As time has gone on, Rap has shaken off all the other components that once made it a part of the Hip-Hop conglomerate. First, Rap shook off the writer. Once Rap became big business, corporate promoters handled branding and flyers pushing writers back where they started.
Next Rap killed the dancer. Between bpms slowing to a crawl and most songs being dedicated to murder and violence, there was little room to be dancing and shaking and shit. Sure, every once and awhile a song or two will come out with a dance attached but by and large, unless we’re talking about stripping, Rap ain’t made for the dancer (unless we talking down South…but most of ya’ll ain’t).
Man, Rap even killed off the DJ. Rappers went from being featured guests to frontmen, to complete solo acts in the matter of a decade, reducing the role of DJ to hypeman and necessary evil for shows. DJs don’t even scratch on records no mo.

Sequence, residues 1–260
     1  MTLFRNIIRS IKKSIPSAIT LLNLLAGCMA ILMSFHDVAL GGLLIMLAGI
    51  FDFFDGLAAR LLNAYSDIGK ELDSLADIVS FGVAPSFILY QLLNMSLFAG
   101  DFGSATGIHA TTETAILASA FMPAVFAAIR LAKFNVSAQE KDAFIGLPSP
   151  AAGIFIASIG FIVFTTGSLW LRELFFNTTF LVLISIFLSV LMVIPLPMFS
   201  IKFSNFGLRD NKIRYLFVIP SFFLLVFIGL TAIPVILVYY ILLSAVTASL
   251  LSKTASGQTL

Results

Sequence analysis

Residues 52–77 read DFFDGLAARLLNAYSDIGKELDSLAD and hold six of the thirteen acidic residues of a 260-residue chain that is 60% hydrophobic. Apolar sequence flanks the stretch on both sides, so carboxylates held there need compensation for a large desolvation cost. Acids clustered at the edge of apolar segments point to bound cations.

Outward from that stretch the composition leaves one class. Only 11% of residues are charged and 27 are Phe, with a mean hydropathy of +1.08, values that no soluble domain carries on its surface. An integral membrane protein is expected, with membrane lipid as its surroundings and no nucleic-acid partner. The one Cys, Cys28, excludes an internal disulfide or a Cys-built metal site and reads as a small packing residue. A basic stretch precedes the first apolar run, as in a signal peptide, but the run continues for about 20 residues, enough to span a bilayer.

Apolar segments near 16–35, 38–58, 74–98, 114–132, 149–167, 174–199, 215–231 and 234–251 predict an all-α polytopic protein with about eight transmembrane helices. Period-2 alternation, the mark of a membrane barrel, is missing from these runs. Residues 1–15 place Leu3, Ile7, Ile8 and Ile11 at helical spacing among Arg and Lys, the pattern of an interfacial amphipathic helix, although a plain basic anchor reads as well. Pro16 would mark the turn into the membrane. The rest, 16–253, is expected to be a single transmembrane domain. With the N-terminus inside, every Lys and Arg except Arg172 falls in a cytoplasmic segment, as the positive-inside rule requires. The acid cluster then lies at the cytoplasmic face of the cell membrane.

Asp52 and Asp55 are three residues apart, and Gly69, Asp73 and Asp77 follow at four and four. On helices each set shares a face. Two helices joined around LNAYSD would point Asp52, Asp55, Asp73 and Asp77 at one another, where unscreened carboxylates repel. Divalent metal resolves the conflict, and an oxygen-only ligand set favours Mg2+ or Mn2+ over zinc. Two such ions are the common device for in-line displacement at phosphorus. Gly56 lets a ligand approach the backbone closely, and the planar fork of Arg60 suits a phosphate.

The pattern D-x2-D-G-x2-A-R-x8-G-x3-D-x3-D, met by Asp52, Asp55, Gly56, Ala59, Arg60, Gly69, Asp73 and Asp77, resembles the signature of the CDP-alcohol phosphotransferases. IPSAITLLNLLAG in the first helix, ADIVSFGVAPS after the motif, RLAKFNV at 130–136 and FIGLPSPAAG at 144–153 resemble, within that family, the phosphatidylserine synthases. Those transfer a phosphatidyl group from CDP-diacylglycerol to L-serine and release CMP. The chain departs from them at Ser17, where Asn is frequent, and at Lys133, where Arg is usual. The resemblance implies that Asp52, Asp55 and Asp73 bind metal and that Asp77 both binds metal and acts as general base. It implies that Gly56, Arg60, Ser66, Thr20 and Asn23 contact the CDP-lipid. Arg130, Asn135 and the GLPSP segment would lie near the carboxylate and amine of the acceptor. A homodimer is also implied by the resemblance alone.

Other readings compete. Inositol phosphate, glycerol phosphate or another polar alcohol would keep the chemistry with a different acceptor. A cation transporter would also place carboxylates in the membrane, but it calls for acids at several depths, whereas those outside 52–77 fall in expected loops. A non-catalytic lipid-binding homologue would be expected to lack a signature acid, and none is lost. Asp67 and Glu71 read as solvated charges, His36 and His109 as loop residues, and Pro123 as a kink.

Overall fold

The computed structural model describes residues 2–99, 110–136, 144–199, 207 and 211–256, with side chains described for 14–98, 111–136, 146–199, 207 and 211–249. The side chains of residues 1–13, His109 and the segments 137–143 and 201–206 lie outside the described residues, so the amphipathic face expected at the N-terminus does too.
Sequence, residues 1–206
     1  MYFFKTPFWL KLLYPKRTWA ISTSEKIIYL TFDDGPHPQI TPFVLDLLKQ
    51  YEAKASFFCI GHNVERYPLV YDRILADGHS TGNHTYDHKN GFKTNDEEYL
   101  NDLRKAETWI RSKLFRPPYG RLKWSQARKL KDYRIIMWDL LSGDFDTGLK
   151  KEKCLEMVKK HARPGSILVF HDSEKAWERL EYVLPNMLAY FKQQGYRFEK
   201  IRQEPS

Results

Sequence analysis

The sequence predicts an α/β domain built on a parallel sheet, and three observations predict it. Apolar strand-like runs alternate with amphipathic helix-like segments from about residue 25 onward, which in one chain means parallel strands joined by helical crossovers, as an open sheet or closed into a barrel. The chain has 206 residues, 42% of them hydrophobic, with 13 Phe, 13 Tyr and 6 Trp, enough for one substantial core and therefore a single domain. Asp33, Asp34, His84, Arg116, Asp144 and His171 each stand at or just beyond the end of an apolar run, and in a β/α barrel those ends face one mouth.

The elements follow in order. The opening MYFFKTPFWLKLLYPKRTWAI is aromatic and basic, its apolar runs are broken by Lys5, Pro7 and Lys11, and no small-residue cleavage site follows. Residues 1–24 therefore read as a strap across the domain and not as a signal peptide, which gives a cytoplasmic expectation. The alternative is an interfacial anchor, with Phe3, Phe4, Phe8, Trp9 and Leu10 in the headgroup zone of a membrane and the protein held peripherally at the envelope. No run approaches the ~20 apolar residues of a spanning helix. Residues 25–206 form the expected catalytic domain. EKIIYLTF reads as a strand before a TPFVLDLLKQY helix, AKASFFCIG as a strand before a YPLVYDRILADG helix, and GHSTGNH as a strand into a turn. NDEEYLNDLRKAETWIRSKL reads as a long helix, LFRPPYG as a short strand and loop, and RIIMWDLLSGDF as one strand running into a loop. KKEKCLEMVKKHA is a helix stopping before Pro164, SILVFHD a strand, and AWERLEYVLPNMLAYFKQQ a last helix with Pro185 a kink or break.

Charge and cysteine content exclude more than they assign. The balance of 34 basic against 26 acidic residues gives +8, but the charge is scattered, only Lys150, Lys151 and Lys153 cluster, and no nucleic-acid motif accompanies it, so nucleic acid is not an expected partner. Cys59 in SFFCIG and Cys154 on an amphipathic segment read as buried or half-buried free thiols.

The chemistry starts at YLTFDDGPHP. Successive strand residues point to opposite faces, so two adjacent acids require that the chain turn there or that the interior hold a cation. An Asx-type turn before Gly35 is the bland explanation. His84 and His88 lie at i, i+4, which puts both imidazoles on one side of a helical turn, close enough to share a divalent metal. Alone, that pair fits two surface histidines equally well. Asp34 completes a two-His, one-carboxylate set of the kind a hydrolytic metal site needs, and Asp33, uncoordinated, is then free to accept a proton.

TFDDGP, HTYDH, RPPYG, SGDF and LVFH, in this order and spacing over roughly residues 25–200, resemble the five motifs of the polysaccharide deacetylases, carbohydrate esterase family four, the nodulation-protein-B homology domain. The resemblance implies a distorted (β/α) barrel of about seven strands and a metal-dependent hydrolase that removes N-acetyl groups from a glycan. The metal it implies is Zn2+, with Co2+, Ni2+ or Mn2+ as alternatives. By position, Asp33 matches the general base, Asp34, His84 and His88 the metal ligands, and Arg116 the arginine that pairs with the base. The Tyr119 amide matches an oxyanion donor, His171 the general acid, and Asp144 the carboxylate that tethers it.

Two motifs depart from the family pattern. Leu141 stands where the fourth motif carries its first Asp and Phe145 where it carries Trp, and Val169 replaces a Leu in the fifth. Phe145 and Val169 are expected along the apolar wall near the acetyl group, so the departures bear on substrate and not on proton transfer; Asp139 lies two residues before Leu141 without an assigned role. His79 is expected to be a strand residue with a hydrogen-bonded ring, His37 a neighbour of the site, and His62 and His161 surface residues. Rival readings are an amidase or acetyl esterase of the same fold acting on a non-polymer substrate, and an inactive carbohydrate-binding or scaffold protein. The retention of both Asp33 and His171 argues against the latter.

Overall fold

The Rap Explosion killed off groups and it made record labels and a few artists super rich. Until…
The Internet Rap Era
Not to be mistaken for the Modern Era (which we’ll get to next), The Internet Rap Era gave us the first influx of rappers who became popular via social media sites like MySpace or Blogs.
Although they never reached the level of fame as folks from the Rap Explosion Era, acts like The Cool Kids, Charles Hamilton, Chester French, and Lupe Fiasco (who escaped the era) were on top of the world…for all of a year or two.
This was the first batch of Rappers to become known outside of the watchful eye of the tastemakers and label A&R’s. This is the era of Rappers that emerged after the fallout of Napster and music pirating.
Video money had dried up and the video shows were over…and YouTube became the place to be.
Everyone was so optimistic about the future of the new, liberated artists…finally, artists were free to express themselves without making the requisite radio friendly song. Artists could release as many projects as they desired. Everyone was so optimistic…except the Record label execs.
Which brings us to now. The Modern Era.
‘J’ournalism is the first draft of history’ is a quote attributed (albeit with controversy) to former Washington Post President and Publisher Philip L. Graham. But no matter who said it, it remains to be true.